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December 18, 2014 / 26 Kislev, 5775
 
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My Fractured Pesach


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When my wife and I were about to leave Israel after last Sukkos, our son and daughter-in-law told us they were expecting another child to be born about two weeks before Pesach. We realized immediately that it would be difficult for them to make Pesach at home. First our daughter-in-law would be going through a pregnancy and then taking care of a newborn, added to five little ones. So, we offered to take them to a suitable hotel for the Pesach holiday. After numerous e-mails and phone conversations, they agreed.

But where would we go?

After researching many regions and hotels, our children suggested the Kibbutz Lavi Hotel.

Three weeks before we were to fly to Israel to celebrate Pesach together with our family in Israel, I was walking on a rough piece of sidewalk in Brooklyn. I tripped, fell and fractured my right humerus – the long bone in the upper arm – at the top, very close to where it fits into the shoulder socket. After a long day spent in the x-ray and emergency rooms, I wound up with my right arm in a sling, to immobilize it and the shoulder for up to six weeks, while the broken bone healed.

On the following Motzaei Shabbos, our daughter-in-law gave birth to a boy. Attending the bris was not possible in my condition at that time. On Monday, now only two weeks before our scheduled flight for Pesach, I had my second set of x-rays taken, and my orthopedist was pleased with the way the comminuted fracture was healing. When we told him about our new grandson and our long-planned trip, he told us to go and enjoy both the new baby and the holiday, provided everything progressed as he hoped. I saw him on the Friday before we flew, and he gave his final OK.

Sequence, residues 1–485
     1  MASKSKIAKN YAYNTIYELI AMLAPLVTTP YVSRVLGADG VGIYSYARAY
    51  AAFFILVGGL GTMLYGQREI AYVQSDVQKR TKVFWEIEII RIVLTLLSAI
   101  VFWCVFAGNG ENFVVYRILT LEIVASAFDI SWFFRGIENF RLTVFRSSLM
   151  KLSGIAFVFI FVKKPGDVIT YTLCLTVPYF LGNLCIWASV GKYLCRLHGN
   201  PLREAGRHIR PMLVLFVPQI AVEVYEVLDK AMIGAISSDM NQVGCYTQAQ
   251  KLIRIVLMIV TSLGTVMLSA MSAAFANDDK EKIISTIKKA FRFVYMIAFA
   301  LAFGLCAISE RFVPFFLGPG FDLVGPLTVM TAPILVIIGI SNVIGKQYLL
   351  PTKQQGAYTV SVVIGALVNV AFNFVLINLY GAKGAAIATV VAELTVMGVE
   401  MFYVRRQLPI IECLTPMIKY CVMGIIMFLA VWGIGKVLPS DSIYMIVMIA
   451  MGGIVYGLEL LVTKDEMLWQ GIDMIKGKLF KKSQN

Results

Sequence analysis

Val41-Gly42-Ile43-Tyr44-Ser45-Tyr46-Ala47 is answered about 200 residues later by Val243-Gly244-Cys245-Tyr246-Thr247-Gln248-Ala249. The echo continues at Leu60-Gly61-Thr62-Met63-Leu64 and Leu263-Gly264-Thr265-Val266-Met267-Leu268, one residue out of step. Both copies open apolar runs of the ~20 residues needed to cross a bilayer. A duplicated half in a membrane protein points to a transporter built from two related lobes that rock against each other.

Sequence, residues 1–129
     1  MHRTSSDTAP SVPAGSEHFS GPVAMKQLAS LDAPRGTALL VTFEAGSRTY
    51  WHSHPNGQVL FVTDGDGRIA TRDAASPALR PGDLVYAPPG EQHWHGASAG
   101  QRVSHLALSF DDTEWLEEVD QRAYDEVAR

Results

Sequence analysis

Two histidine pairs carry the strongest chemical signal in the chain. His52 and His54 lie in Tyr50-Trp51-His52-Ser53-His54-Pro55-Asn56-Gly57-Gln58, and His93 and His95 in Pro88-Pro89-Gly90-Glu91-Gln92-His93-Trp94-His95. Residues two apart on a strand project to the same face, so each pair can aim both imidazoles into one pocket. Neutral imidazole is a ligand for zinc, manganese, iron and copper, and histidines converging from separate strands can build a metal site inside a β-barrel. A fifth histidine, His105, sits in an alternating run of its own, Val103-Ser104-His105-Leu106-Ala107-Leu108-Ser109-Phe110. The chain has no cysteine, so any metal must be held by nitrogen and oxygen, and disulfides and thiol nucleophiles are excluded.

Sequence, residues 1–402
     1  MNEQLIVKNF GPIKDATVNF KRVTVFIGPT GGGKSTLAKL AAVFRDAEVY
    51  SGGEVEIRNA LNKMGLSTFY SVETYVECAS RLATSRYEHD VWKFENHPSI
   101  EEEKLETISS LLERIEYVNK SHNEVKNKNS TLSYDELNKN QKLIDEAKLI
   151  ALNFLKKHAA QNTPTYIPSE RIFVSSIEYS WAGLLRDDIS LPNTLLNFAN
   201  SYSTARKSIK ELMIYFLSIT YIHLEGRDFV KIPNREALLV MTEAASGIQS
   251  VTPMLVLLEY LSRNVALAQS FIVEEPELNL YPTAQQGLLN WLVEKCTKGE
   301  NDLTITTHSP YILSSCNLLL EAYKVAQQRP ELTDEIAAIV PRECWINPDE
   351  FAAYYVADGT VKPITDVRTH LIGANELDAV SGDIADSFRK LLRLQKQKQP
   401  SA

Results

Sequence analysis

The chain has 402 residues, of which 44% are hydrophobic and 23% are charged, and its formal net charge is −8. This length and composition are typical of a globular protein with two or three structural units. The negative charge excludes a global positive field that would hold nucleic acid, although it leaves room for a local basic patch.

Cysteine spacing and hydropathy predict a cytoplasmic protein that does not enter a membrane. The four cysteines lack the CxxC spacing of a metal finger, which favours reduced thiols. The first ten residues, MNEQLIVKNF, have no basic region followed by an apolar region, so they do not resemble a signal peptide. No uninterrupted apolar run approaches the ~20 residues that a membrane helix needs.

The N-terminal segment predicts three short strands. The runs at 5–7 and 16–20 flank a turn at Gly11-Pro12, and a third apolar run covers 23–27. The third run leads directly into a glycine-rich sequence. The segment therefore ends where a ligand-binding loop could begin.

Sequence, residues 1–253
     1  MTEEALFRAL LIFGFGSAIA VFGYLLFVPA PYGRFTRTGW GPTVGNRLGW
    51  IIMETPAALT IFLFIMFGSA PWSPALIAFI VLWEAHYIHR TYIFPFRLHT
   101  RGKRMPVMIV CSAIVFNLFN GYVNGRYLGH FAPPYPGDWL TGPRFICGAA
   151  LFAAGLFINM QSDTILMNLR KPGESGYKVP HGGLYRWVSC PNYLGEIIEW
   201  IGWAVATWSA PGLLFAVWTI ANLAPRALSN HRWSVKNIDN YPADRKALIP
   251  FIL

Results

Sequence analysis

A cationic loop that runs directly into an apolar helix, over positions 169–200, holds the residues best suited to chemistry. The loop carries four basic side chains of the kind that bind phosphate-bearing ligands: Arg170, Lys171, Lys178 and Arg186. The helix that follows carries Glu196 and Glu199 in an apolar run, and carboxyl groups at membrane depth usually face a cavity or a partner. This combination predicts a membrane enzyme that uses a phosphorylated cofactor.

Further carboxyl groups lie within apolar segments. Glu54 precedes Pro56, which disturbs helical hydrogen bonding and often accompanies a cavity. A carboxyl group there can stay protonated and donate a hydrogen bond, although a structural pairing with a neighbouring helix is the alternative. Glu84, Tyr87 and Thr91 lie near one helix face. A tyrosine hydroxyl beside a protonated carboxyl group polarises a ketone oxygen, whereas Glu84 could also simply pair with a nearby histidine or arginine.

On the advice of the orthopedist and many people who had endured similar fractures, I had been sleeping on my recliner. I found it impossible even to lie down in a regular bed. As my son was much too busy preparing for the shalom zachar and bris, I turned to my brother-in-law in Petah Tikva for help. I e-mailed and asked him to take on the responsibility of somehow getting me a recliner to use in my room at the Kibbutz Lavi Hotel. I suggested he contact the well-known Yad Sara organization that supplies durable medical implements such as walkers, wheelchairs, etc., to those who need them, for a nominal fee.

My brother-in-law Uri called the Lavi Hotel and spoke to Yitzchak Flanzer, the general manager. Mr. Flanzer and Uri tried all sorts of solutions, to no avail. Mr. Flanzer even had me speak directly by phone to a nurse on the kibbutz, to understand my needs exactly, so he could come up with a solution.

A friend of Uri was willing to lend me her recliner. He measured it, and Lavi manager, Flanzer said it would fit through the door of our hotel room.

Kibbutz Lavi has three industries from which it sustains itself: including a state-of-the-art milk farm with dairy cows and the widely-known hotel. But Kibbutz Lavi is perhaps best known for its third industry, the manufacture of shul furniture. The furniture is shipped and assembled by kibbutz members worldwide.